​Maggie grew up in Calgary, Alberta and found her passion for research at a young age by participating in science fair competitions throughout grade school. Maggie completed her BHSc at McMaster University specializing in the Biomedical Sciences. During her undergraduate studies, Maggie investigated the mechanisms that maintain early allergic memory against food allergens in Dr. Manel Jordana’s laboratory. During her summer months in Calgary, Maggie worked under the supervision of Dr. Antoine Dufour at the University of Calgary where she applied discovery-based mass-spectrometry tools to characterize protein signatures of various healthy and disease tissues such as multiple sclerosis (MS) and ulcerative colitis. For her thesis project, she studied how acute aerobic exercise changes the spinal cord proteome in a mouse model of MS. During her doctoral studies, Maggie hopes to continue developing tools for predicting and treating chronic immune diseases under the supervision of Dr. Kelly McNagny. Outside of her studies, Maggie enjoys exploring new restaurants and cafe’s, doing paint-by-number kits, playing basketball and spending time outdoors with her friends and family.

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Saif Dababneh     Class of 2028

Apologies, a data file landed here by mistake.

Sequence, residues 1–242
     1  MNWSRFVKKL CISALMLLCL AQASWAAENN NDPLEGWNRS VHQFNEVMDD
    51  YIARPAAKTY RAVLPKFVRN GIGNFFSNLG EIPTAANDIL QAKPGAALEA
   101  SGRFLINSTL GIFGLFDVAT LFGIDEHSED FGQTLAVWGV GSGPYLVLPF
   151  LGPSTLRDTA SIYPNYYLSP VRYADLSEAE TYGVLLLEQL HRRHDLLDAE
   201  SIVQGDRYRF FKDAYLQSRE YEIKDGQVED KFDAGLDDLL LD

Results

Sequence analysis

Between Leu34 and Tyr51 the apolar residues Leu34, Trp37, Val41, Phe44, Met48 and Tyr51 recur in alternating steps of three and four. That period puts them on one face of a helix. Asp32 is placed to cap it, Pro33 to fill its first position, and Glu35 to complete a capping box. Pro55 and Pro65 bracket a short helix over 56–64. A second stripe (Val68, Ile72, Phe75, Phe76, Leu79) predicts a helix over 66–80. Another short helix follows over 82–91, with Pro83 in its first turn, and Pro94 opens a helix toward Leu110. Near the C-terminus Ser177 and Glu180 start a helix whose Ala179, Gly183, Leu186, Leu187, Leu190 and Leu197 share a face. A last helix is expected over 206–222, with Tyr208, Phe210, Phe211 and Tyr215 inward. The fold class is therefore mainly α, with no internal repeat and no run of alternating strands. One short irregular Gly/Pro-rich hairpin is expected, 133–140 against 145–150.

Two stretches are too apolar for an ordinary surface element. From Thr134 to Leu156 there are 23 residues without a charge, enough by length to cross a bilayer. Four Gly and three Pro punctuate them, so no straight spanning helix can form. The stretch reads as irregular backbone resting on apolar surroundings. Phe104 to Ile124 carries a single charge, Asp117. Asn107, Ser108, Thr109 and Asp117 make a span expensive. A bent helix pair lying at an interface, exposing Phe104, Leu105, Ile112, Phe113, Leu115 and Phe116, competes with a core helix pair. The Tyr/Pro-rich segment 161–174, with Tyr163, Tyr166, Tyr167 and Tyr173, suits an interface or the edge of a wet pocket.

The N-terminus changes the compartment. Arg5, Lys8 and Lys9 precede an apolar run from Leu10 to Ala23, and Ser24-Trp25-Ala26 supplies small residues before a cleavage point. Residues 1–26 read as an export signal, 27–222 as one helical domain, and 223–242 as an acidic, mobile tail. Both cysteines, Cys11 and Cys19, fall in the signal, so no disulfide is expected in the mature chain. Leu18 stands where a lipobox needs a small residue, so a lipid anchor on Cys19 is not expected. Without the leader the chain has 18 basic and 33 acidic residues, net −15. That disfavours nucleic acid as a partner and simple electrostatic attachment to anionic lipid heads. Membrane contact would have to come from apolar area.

Education: BSc (Translational & Molecular Medicine), University of Ottawa
Field of study: Arrhythmia
Co-Supervisors: Dr. Glen Tibbits and Dr. Edwin Moore
Hosting department and work location: Cell and Development Biology, BC Children’s Hospital Research Institute (BCCHRI)

Saif grew up in Jordan and moved to Ottawa, Canada in 2013. Saif completed his BSc in Translational & Molecular Medicine (TMM) at the University of Ottawa. During his undergraduate studies, Saif undertook several research projects investigating the development and function of the heart’s muscle and the heart’s electrical conduction system at the University of Ottawa Heart Institute, under the supervision of Dr. Kyoung-Han Kim. His honours thesis focused on uncovering the role of the Irx1 transcription factor in the heart’s atrioventricular conduction system. Consistent with his research goals, Saif was also involved in advocacy work with the Heart & Stroke Foundation of Canada. Saif aims to pursue a PhD with the objective of uncovering the pathophysiology and genetic determinants of sudden cardiac death, particularly in patients with an electrical heart disorder known as catecholaminergic polymorphic ventricular tachycardia (CPVT). Saif hopes this research can accelerate the development of personalized treatments for patients with electrical heart abnormalities. Outside of academics, Saif enjoys photography, soccer, and spending time with family and friends.​

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Elizabeth Gregory     Class of 2028
Education: BSc (Biology & Psychology), University of Victoria; MSc (Experimental Medicine), University of British Columbia
Field of study: Transcranial Magnetic Stimulation (TMS)
Supervisor: Dr. Fidel Vila-Rodriguez
Hosting department and work location: Experimental Medicine